Archive for Wednesday, November 19, 2003

Legislator urges tax increase to fund higher education

November 19, 2003

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A Lawrence lawmaker on Tuesday called on Gov. Kathleen Sebelius to support a tax increase for higher education early in the legislative session.

Paul Davis, a Democrat, said support from Sebelius and legislative leaders would be key to passing a funding increase for universities.

"Even if the governor proposes it and gets behind it, it's going to be a tough row to hoe," Davis said. "There are a significant number of legislators who won't support a tax increase under any circumstances."

Davis was one of three panelists at a higher education funding forum Tuesday night at the Dole Institute of Politics.

The forum, which was sponsored by Kansas University's Student Senate, also included Janet Murguia, executive vice chancellor for university relations, and David Shulenburger, executive vice chancellor and provost. About 25 people -- mostly student senators -- attended.

Sebelius has offered task force meetings across the state to discuss education funding and is expected to make a proposal for increasing funds to public schools and universities.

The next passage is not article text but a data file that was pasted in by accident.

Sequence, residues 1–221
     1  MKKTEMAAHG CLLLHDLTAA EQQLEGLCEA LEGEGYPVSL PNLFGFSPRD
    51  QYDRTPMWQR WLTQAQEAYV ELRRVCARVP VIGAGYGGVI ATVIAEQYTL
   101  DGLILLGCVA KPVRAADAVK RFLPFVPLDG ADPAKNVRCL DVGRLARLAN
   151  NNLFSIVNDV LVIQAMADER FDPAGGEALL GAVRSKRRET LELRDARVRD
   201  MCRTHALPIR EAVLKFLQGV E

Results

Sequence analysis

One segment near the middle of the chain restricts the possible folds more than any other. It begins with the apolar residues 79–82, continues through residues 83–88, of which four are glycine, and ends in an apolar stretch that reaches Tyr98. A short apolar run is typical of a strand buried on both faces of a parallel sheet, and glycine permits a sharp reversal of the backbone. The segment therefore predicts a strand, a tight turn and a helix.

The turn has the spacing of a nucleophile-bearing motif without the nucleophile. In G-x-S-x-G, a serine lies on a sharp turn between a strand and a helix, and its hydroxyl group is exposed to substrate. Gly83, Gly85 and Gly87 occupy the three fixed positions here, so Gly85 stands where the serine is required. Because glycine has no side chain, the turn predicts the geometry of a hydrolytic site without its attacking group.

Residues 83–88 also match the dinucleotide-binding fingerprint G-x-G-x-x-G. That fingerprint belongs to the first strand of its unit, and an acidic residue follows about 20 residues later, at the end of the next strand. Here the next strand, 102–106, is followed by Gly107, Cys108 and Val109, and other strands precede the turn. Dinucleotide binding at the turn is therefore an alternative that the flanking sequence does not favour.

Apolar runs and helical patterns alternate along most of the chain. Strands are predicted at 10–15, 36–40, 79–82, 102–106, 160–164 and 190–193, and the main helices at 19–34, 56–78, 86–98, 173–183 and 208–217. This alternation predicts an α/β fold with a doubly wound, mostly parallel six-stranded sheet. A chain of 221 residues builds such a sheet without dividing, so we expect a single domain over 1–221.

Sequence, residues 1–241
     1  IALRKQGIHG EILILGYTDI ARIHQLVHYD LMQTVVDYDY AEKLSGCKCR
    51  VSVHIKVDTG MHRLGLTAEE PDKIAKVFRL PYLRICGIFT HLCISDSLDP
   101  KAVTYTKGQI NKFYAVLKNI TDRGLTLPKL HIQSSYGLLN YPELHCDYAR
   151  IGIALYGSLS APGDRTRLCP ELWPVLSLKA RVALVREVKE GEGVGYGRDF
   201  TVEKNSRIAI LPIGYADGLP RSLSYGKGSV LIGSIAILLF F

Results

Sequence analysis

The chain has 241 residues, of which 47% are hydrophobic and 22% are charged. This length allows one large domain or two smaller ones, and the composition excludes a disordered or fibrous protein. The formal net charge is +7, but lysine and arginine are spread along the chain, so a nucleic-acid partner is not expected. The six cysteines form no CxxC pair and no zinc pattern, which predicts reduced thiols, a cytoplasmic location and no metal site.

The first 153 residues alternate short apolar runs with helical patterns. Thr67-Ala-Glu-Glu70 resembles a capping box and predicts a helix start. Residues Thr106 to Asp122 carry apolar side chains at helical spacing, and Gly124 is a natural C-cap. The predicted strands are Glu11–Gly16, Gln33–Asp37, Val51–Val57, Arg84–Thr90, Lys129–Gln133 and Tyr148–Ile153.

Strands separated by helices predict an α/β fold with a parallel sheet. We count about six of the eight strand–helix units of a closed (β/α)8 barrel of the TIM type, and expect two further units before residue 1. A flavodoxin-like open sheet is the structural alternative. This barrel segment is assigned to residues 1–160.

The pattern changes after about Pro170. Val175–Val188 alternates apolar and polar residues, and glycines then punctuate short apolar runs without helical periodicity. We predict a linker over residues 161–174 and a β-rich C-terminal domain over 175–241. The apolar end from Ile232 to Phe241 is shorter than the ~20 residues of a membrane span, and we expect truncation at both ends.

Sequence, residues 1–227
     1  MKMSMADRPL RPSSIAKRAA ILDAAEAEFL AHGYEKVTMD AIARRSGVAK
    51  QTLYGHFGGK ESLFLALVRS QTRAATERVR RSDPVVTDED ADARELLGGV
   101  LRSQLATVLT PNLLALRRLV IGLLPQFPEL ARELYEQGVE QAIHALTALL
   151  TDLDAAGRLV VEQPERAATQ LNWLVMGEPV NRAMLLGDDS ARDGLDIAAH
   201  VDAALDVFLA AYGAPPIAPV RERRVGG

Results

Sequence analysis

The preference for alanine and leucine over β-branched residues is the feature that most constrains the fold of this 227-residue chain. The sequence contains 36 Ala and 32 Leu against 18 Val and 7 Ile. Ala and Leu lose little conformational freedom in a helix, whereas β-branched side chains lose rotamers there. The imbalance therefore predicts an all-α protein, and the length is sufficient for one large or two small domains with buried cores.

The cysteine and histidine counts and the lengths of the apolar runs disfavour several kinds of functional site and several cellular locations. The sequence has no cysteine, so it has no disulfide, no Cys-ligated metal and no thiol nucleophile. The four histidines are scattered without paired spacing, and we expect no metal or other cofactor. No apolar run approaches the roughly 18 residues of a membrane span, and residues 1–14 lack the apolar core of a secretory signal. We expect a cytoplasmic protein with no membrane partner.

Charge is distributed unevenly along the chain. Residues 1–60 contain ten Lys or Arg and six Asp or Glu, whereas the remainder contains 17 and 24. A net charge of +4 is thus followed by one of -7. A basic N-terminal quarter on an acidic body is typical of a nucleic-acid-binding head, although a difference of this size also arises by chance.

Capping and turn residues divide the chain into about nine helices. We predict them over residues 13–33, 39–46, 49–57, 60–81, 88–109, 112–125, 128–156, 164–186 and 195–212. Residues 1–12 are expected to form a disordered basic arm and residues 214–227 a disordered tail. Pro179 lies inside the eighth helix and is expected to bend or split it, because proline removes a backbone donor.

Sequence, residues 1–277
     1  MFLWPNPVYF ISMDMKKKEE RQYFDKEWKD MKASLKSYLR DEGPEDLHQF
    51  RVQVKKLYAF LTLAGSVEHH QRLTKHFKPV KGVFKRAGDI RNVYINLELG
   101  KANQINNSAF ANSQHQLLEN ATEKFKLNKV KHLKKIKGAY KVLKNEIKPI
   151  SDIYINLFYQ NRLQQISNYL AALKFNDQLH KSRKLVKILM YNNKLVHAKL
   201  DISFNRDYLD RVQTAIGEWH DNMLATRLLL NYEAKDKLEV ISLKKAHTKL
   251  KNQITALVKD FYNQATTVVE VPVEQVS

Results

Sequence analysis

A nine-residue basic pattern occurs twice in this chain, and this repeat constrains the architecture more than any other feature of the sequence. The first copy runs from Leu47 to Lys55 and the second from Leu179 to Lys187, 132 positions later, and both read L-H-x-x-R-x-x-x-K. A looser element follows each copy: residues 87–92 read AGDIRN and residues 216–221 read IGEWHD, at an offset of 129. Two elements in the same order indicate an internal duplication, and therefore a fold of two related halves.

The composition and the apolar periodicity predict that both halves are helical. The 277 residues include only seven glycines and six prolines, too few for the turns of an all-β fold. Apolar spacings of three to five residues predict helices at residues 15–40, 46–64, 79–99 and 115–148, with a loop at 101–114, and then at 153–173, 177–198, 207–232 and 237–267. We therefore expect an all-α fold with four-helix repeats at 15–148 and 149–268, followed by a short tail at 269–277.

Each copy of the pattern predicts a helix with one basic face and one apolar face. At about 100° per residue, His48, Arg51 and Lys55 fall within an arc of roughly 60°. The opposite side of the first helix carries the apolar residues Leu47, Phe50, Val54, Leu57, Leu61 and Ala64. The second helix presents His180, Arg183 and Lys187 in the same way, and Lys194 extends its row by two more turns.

David Shulenburger, left, Kansas University executive vice
chancellor and provost, outlines his concerns for higher education
funding as Janet Murguia, right, executive vice chancellor for
university relations, looks on. Shulenburger, Murguia and Rep. Paul
Davis, D-Lawrence, attended a meeting sponsored by the KU Student
Senate on Tuesday at the Dole Institute of Politics.

David Shulenburger, left, Kansas University executive vice chancellor and provost, outlines his concerns for higher education funding as Janet Murguia, right, executive vice chancellor for university relations, looks on. Shulenburger, Murguia and Rep. Paul Davis, D-Lawrence, attended a meeting sponsored by the KU Student Senate on Tuesday at the Dole Institute of Politics.

Echoing previous calls for increased funding, Shulenburger and Murguia said KU ranked low in funding compared with its peer universities, and they said the state's contribution to students' education has decreased from $7,248 in 1985 to $5,605 in 2003.

Shulenburger said KU has sustained about $11.6 million in cuts the past two years, including absorbed increases in employer costs such as health insurance. He said projections called for KU to have a $3.7 million increase in benefits costs next year.

"The administration's hope is these fringe benefits are covered," he said. "It would be roughly a 3 percent cut if they're not. If you get nothing, you slide back with those kinds of increases."

Blake Shuart, legislative director for Student Senate, said the group planned to mobilize students more during the legislative session, which begins in January.

"It'll be more face time and a strategic approach to lobbying," Shuart said.






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